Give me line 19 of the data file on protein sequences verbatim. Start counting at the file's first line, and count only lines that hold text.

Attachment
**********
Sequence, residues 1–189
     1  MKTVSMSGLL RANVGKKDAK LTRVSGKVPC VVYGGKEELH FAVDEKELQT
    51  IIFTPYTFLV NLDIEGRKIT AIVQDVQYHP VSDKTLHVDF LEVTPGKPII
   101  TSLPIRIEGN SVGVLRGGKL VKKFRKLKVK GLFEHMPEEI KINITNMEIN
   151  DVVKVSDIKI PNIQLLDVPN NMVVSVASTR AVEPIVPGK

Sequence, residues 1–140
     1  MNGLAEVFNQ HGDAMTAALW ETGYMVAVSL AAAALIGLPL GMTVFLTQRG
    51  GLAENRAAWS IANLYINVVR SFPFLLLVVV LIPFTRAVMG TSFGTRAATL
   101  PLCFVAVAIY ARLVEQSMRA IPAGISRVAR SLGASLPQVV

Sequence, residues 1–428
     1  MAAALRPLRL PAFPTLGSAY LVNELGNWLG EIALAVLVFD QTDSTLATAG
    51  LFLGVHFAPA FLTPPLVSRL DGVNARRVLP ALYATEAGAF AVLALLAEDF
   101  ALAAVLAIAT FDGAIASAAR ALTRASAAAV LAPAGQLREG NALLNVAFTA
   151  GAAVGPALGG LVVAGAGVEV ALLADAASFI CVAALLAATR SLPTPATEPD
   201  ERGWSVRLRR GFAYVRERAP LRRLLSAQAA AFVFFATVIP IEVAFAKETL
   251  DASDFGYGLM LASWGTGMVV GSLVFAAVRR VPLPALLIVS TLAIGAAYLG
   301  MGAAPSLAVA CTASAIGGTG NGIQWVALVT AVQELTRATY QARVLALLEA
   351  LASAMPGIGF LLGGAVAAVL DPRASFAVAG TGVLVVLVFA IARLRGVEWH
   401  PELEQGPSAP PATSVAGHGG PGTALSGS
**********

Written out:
   401  PELEQGPSAP PATSVAGHGG PGTALSGS